Christian Acosta

How DCI members learn drill and how colorguard members learn work

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On 1/15/2018 at 12:54 PM, Mickk3 said:

Whats the form method?

 

Dot vs Form can really depend on what you are trying to achieve. In earlier days of this debate, the two most extreme examples of these were both right, considering their circumstances.

Watch some Cavaliers signature Brubaker (and followers) drill of the 80's and early 90's.

Then watch Cadets of similar vintage (Zingali and followers).

 

The Cavies stuff = tight and sharp geometry with large amounts of symmetry. Shapes that the viewer knows and will easily spot when something is off. Even when not being a overly critical audience.

Cadets = nebulous shapes with less predictable mathematical development than Cavies geometry.

Cavies were preachers of worship the dot to ensure the exact same precise math every time. Start following each other too much and the results could be disastrous to such well defined and easily interpreted (by the audience) shapes.

Cadets were much more form based. Which worked because, if the shape was "off" or not in the exact same position as prescribed, it was less obvious. Stay together, keep intervals and dress. And it will still be impacting. 

 

Not saying one was better than the other. Actually, looking at what they were uniquely working with, it is understandable why such disparate methods each had successful results. Although I will say, dots are much easier to clean, pinpointing who is the problem ... but only if you have 100% buy-in.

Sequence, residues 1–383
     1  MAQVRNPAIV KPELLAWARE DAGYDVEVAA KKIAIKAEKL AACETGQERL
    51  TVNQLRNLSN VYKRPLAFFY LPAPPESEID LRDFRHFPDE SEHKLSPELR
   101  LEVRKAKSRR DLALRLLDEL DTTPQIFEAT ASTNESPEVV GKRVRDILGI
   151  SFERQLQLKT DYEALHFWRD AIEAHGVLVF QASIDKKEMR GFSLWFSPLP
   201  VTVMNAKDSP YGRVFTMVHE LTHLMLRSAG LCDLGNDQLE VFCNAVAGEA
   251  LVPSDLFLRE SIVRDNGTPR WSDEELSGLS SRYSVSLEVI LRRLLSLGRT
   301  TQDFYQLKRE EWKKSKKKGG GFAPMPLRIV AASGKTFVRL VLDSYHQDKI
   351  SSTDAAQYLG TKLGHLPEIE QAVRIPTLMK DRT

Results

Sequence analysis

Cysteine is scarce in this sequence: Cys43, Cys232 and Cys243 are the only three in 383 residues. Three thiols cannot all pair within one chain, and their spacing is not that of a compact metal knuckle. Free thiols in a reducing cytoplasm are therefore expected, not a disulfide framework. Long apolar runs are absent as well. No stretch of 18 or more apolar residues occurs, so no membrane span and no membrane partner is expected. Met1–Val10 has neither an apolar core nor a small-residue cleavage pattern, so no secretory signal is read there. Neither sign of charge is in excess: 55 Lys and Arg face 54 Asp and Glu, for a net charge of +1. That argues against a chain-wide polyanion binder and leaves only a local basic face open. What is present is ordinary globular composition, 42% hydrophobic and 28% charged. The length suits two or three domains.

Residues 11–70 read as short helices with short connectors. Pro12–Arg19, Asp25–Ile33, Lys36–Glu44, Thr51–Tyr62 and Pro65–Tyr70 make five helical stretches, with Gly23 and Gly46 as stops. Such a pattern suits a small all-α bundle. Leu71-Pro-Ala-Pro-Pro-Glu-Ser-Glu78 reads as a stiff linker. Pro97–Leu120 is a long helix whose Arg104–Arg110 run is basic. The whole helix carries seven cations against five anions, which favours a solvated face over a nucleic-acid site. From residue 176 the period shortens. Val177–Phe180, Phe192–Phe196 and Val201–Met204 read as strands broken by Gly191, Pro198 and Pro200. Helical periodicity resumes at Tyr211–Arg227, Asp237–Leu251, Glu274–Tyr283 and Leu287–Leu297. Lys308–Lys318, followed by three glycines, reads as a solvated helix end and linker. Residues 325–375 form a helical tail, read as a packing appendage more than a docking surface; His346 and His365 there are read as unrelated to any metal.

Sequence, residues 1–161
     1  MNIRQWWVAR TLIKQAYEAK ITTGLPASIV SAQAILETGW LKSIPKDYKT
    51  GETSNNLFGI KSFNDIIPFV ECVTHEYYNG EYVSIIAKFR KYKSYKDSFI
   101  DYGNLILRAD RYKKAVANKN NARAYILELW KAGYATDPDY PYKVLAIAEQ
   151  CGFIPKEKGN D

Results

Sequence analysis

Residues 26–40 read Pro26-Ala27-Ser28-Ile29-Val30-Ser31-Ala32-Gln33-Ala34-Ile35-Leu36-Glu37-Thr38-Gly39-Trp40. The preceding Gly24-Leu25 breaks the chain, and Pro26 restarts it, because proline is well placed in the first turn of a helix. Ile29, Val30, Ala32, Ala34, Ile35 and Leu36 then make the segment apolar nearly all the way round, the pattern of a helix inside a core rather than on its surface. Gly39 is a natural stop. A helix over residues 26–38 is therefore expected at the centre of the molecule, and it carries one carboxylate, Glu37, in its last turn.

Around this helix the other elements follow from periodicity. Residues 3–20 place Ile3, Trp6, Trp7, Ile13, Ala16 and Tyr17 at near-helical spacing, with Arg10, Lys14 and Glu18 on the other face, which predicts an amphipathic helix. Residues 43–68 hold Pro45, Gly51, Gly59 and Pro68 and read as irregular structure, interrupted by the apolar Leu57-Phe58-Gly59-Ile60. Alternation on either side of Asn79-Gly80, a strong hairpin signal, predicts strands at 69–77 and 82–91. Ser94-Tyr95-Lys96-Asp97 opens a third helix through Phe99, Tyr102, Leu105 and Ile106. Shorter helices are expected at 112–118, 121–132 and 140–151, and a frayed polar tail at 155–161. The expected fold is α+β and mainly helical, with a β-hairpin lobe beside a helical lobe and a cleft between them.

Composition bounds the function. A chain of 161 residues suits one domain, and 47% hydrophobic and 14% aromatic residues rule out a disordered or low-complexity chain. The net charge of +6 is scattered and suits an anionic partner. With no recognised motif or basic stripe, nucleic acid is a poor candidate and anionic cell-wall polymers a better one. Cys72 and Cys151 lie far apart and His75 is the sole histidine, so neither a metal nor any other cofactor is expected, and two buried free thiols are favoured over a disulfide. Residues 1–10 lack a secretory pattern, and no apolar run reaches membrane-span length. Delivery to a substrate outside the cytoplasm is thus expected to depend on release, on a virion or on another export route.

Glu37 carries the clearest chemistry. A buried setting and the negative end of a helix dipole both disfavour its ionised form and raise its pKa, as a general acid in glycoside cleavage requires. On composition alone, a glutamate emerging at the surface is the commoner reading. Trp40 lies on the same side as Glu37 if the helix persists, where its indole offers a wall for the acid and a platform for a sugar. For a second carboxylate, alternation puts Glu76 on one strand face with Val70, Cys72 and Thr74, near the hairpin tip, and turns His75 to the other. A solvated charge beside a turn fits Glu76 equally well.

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Also, nowadays, as I understand, everyone is working much closer to Dot than Form along the spectrum. 

 

Then again, modern corps utilizing staging techniques, choreo, and body has added a completely different wrinkle.

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1 hour ago, mingusmonk said:

 

Dot vs Form can really depend on what you are trying to achieve. In earlier days of this debate, the two most extreme examples of these were both right, considering their circumstances.

Watch some Cavaliers signature Brubaker (and followers) drill of the 80's and early 90's.

Then watch Cadets of similar vintage (Zingali and followers).

 

The Cavies stuff = tight and sharp geometry with large amounts of symmetry. Shapes that the viewer knows and will easily spot when something is off. Even when not being a overly critical audience.

Cadets = nebulous shapes with less predictable mathematical development than Cavies geometry.

Cavies were preachers of worship the dot to ensure the exact same precise math every time. Start following each other too much and the results could be disastrous to such well defined and easily interpreted (by the audience) shapes.

Cadets were much more form based. Which worked because, if the shape was "off" or not in the exact same position as prescribed, it was less obvious. Stay together, keep intervals and dress. And it will still be impacting. 

 

Not saying one was better than the other. Actually, looking at what they were uniquely working with, it is understandable why such disparate methods each had successful results. Although I will say, dots are much easier to clean, pinpointing who is the problem ... but only if you have 100% buy-in.

This was a very good illustration of the difference between the two.  Thanks for educating me.  It was helpful.

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2 hours ago, mingusmonk said:

 

Dot vs Form can really depend on what you are trying to achieve. In earlier days of this debate, the two most extreme examples of these were both right, considering their circumstances.

Watch some Cavaliers signature Brubaker (and followers) drill of the 80's and early 90's.

Then watch Cadets of similar vintage (Zingali and followers).

 

The Cavies stuff = tight and sharp geometry with large amounts of symmetry. Shapes that the viewer knows and will easily spot when something is off. Even when not being a overly critical audience.

Cadets = nebulous shapes with less predictable mathematical development than Cavies geometry.

Cavies were preachers of worship the dot to ensure the exact same precise math every time. Start following each other too much and the results could be disastrous to such well defined and easily interpreted (by the audience) shapes.